Federal funds give refugees a start, but communities offer local safety net, By Andrew Haffner, March 28, 2017, Grand Forks Herald: “When she’s not behind the counter at Al Amin Grocery in Grand Forks, Ilhaam Hassan is helping fellow members of the local Somali refugee community find their way in a new land. Hassan, a native of Somalia, came to the U.S. in 1999 when she was just a child. Now in her early 30s, Hassan’s fluency in English has opened a role for her as an interpreter with the local office of Lutheran Social Services of North Dakota, the agency tasked with resettling refugees, many of whom are Somalis, in the state’s most populous cities: Fargo, Bismarck and Grand Forks. With her own passage a distant memory, Hassan now works with those refugees from Somalia who now find themselves in northeast North Dakota. Even with help from the federal government and local civic groups, she says the transition is difficult for new arrivals…”

Drug Overdose Deaths and Indigent Burial

Drugs are killing so many people in West Virginia that the state can’t keep up with the funerals, By Christopher Ingraham, March 7, 2017, Washington Post: “Deaths in West Virginia have overwhelmed a state program providing burial assistance for needy families for at least the fifth year in a row, causing the program to be nearly out of money four months before the end of the fiscal year, according to the state’s Department of Health and Human Resources (DHHR). Funeral directors in West Virginia say the state’s drug overdose epidemic, the worst in the nation, is partly to blame…”

Public Assistance Program Beneficiaries

  • Federal anti-poverty programs primarily help the GOP’s base, By Ronald Brownstein, February 16, 2017, The Atlantic: “Even as congressional Republicans mobilize for a new drive to retrench federal anti-poverty efforts, whites without a college degree—the cornerstone of the modern GOP electoral coalition—have emerged as principal beneficiaries of those programs, according to a study released Thursday morning…”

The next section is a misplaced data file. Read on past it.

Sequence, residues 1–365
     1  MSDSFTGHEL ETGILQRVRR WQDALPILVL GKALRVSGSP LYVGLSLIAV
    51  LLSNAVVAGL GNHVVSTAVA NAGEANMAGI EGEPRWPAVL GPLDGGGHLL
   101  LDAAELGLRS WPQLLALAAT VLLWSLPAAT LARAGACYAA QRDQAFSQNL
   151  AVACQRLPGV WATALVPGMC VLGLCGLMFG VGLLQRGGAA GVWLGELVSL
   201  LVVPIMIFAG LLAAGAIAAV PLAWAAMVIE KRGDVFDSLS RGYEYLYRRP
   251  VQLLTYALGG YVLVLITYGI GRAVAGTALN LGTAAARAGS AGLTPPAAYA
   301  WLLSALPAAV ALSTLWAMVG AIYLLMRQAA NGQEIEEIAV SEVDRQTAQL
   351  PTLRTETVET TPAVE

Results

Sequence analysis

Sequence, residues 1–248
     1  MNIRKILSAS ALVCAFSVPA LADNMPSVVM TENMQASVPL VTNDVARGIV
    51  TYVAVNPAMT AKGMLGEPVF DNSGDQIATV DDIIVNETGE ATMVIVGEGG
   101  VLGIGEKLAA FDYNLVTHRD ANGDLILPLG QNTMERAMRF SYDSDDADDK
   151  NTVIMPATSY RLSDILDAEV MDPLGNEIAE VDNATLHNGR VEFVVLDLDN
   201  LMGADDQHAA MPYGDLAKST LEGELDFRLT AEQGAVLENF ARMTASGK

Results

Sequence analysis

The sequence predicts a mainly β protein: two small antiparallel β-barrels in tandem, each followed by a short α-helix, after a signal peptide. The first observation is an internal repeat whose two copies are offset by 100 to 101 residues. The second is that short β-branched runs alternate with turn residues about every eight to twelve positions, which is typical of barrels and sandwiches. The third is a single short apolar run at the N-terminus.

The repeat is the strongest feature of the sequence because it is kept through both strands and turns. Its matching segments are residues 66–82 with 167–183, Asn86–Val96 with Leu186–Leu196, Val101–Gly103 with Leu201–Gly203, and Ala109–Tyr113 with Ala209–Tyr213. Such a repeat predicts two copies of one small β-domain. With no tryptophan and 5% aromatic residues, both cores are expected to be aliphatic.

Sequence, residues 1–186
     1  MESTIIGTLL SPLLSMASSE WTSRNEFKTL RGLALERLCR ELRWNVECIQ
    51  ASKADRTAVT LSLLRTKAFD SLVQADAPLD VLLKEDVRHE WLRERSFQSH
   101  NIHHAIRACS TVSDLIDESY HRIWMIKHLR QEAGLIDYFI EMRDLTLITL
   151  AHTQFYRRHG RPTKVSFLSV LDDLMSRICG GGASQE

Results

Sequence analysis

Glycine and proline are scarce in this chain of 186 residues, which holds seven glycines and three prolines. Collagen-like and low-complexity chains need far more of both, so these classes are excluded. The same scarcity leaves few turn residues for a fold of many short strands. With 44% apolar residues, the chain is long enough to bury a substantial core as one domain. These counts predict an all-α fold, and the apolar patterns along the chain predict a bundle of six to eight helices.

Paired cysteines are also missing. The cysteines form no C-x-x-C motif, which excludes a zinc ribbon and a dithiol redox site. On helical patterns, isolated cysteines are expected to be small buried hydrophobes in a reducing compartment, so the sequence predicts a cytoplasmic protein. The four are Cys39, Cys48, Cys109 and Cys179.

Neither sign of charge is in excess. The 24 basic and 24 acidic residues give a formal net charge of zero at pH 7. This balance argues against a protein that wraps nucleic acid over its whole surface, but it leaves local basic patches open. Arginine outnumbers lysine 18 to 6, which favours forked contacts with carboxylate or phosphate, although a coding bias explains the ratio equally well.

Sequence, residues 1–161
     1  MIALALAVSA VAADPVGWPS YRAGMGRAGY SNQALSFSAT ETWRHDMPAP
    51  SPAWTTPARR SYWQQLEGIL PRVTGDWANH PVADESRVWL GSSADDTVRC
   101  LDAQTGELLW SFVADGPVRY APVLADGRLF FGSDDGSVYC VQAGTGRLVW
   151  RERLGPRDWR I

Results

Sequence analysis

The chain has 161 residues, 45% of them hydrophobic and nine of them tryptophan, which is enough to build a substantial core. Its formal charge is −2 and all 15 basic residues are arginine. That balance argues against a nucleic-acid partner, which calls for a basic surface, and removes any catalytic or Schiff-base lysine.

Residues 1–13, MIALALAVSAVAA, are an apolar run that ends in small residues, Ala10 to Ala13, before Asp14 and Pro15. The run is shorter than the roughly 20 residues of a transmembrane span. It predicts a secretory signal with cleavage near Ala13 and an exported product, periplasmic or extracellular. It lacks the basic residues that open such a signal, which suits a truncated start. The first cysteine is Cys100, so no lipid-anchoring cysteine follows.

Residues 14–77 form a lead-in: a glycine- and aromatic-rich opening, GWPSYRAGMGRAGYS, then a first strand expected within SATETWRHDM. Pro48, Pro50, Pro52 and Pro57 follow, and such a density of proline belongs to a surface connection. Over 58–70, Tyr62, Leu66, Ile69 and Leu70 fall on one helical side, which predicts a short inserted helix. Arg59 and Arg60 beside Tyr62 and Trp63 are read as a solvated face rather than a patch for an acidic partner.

• The biggest beneficiaries of the government safety net: Working-class whites, By Tracy Jan, February 16, 2017, Washington Post: “Working-class whites are the biggest beneficiaries of federal poverty-reduction programs, even though blacks and Hispanics have substantially higher rates of poverty, according to a new study to be released Thursday by the Center on Budget and Policy Priorities…”

Columbia Daily Tribune Series on Poverty

Left Behind, series homepage, Columbia Daily Tribune: “Poverty does not just affect the poor.  The Left Behind series looks at different aspects of poverty – mobility, crime, education, health care, housing, employment and transportation – and how each affects not only the poor, but the taxpayers of Boone County.  Tribune reporters spent weeks poring over data and talking to Boone County residents about how poverty affects us all…”

Cliff Effect of Public Assistance Programs

$15 minimum wage could squeeze workers on public assistance, By Katie Johnson, December 9, 2016, Boston Globe: “If it succeeds, a campaign to raise the Massachusetts minimum wage to $15 an hour could put more money in the pockets of low-income workers and create a path to self-sufficiency. But for some families, the boost in pay could mean a drop of hundreds of dollars a month in government benefits.  Food stamps, child care vouchers, and rent subsidies could be cut before families can afford to cover those expenses on their own, leaving some households, particularly single parents with young children, worse off despite a bigger paycheck — a phenomenon known as the ‘cliff effect…””